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Sunday, June 26, 2011

The 40-Year War on Freedom

by Laurence M. Vance

Although the U.S. government?s wars in Iraq and Afghanistan have taken center stage for the better part of the last ten years, there is another failed war that has been waged by the federal government for the past forty years.

The war on drugs was declared by President Richard Nixon on June 17, 1971.

Speaking at a press conference in the Briefing Room at the White House, Nixon announced his plan:

I would like to summarize for you the meeting that I have just had with the bipartisan leaders which began at 8 o?clock and was completed 2 hours later. I began the meeting by making this statement, which I think needs to be made to the Nation: America?s public enemy number one in the United States is drug abuse. In order to fight and defeat this enemy, it is necessary to wage a new, all-out offensive.
Nixon left no doubt as to the scope of his offensive:
This will be a worldwide offensive dealing with the problems of sources of supply, as well as Americans who may be stationed abroad, wherever they are in the world. It will be government wide, pulling together the nine different fragmented areas within the government in which this problem is now being handled, and it will be nationwide in terms of a new educational program that we trust will result from the discussions that we have had.
He went on to say how ?essential it was for the American people to be alerted to this danger.?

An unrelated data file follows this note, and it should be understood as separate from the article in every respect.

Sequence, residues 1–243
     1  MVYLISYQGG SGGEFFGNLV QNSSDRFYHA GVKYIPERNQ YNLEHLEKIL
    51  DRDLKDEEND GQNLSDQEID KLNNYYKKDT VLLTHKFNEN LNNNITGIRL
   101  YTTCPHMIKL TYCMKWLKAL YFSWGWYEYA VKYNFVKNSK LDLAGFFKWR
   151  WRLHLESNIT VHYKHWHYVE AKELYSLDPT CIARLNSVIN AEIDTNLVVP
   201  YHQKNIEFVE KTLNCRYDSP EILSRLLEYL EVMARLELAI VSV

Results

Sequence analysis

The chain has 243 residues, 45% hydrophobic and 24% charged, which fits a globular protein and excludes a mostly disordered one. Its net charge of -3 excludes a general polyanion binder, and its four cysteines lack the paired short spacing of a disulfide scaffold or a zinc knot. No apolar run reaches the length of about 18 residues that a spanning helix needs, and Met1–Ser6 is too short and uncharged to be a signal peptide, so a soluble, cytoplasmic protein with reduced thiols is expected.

In a special message to the Congress on Drug Abuse Prevention and Control on the same day, Nixon declared drug use to be a ?menace,? an ?increasing grave threat,? and a ?national emergency.?

He also continued his military rhetoric:

I am transmitting legislation to the Congress to consolidate at the highest level a full-scale attack on the problem of drug abuse in America.

The problems of drug abuse must be faced on many fronts.

To wage an effective war against heroin addiction, we must have international cooperation. In order to secure such cooperation, I am initiating a worldwide escalation in our existing programs for the control of narcotics traffic, and I am proposing a number of new steps for this purpose.

The Comprehensive Drug Abuse Prevention and Control Act of 1970 provides a sound base for the attack on the problem of the availability of narcotics in America.